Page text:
...From the standpoint of governance, what is at stake is our ability to use the rule of law as an instrument of human redemption. After all has been said and so little done, the truth about the climate crisis — inconvenient as ever — must still be faced.
The pathway to success is still open, though it tracks the outer boundary of what we are capable of doing. It begins with a choice by the United States to pass a law establishing a cost for global warming pollution. The House of Representatives has already passed legislation, with some Republican support, to take the first halting steps for pricing greenhouse gas emissions.

Later this week, Senators John Kerry, Lindsey Graham and Joe Lieberman are expected to present for consideration similar cap-and-trade legislation.

I hope that it will place a true cap on carbon emissions and stimulate the rapid development of low-carbon sources of energy.

We have overcome existential threats before. Winston Churchill is widely quoted as having said, “Sometimes doing your best is not good enough. Sometimes, you must do what is required.” Now is that time. Public officials must rise to this challenge by doing what is required; and the public must demand that they do so-- or must replace them.

Great OpEd. But has Gore or anyone else convinced voters in Oklahoma who are set to re-elect climate change denier Tom Coburn? Has Gore or anyone else convinced voters in North Carolina who may be set to re-elect climate change denier Richard Burr? Has Gore or anyone else convinced voters in Louisiana who are set to either re-elect climate change denier David Vitter or replace him with climate change denier Charlie Melancon? Yes, Melancon, a putative Democrat-- same party as Gore-- and he's part of the problem, not part of the solution. Only eight-- yes, 8-- House Republicans voted for the American Clean Energy and Security Act on June 26, 2009: Mary Bono Mack (CA) who was unwilling or unable to even persuade her husband, Connie, that this was important and nonpartisan, Mike Castle (DE), Mark Kirk (IL), Leonard Lance (NJ), Frank LoBiondo (NJ), John McHugh (NY), Dave Reichert (WA) and Chris Smith (NJ). It passed, barely, 219-212, with 44 Democrats, mostly Blue Dogs, joining the pave-over-the-planet crowd led by John Boehner and Eric Cantor. Will Al Gore help Blue America defeat John Barrow and replace him with an environmental leader (Regina Thomas)? The Indiana Democratic Party machine is about to saddle us with anti-environmental fanatic Brad Ellsworth, guaranteeing that Indiana voters concerned about these same issues Gore claims are so essential for the very survival of humanity, will have no choice whatsoever on election day, since the two Republicans running, a sleazy lobbyist in the pocket of every special interest under the sun (Dan Coats) and a certifiably insane apocalypticist whose only policy agenda-- aside from bothering gay people-- is to bring on the Rapture (John Hostettler), are actually worse than Ellsworth (who is already an "F" on these issues!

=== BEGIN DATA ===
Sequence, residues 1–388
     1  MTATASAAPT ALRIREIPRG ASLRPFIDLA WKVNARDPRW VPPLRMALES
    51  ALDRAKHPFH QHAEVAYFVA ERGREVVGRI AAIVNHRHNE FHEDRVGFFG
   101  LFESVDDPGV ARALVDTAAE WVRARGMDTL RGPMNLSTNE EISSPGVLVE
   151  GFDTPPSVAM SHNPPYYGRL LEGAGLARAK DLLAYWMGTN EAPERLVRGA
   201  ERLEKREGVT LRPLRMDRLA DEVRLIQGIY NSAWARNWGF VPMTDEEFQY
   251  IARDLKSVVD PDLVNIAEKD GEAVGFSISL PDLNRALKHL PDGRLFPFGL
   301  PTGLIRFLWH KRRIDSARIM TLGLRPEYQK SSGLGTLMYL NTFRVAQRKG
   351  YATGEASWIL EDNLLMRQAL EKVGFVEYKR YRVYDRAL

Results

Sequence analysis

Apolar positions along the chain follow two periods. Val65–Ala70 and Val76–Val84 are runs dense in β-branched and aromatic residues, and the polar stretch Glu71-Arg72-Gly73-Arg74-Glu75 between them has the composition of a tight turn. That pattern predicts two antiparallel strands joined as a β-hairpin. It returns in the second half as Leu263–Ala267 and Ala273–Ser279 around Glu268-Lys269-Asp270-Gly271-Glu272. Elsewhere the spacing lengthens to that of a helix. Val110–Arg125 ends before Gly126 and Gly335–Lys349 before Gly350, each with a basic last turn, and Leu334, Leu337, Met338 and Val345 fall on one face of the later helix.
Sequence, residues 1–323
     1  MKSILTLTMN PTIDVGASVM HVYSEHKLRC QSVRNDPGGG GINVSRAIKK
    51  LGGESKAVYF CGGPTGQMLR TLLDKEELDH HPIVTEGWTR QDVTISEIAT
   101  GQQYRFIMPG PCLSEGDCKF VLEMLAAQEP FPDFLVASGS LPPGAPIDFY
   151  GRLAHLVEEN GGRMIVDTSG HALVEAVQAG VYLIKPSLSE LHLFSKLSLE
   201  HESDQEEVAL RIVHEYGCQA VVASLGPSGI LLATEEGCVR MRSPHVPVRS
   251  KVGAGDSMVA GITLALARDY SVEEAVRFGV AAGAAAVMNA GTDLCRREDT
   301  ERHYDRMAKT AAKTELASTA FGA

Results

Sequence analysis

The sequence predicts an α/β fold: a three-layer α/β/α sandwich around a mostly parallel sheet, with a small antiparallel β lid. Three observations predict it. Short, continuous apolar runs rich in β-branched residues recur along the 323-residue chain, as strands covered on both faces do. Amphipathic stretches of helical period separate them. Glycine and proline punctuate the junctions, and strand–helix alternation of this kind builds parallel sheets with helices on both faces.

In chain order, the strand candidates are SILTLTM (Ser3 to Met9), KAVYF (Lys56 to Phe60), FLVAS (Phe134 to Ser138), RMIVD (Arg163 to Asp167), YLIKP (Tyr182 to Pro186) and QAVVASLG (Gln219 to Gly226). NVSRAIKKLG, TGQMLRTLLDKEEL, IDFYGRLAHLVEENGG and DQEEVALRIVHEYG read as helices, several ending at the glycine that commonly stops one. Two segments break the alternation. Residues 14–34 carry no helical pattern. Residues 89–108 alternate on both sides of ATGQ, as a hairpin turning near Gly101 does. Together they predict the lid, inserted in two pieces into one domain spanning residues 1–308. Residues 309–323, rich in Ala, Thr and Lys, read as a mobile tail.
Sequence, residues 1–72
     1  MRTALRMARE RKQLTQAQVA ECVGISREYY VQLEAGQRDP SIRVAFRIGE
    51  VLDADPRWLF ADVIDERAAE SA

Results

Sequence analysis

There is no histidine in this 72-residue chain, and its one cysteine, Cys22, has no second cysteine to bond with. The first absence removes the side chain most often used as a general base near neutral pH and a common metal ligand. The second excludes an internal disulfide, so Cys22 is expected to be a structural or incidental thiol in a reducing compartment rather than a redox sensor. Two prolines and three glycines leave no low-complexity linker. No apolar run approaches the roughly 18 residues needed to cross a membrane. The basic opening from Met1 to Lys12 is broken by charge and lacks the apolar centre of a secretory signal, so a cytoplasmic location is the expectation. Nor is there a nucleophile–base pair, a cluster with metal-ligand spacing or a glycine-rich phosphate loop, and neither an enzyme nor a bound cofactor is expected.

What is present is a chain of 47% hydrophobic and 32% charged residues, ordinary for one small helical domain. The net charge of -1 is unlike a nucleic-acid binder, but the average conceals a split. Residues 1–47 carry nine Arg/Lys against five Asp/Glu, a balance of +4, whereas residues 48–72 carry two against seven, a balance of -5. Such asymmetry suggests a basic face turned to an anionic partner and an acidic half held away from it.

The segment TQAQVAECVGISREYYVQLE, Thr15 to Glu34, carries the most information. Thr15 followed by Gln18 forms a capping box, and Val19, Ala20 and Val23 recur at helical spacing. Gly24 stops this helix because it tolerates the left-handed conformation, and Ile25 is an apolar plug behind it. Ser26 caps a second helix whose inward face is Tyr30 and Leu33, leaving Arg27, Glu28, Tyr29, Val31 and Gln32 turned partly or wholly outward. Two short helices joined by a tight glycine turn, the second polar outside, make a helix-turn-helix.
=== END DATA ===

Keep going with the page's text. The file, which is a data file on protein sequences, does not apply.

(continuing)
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1 Comments:

At 12:58 AM, Anonymous Mark E. Gillar said...

Gore and The UN IPCC should be forced to give back their Nobel Peace Prize. The flaws in Gore's film and the errors in the 2007 UN IPCC Report that have been discovered since the award was given should disqualify both parties. Irena Sendler who risked her life daily during World War II to save the lives of over 2,500 Jewish children is much more deserving. Please sign the petition to demand that Gore and the UN IPCC have their award taken away. http://www.stripgore.com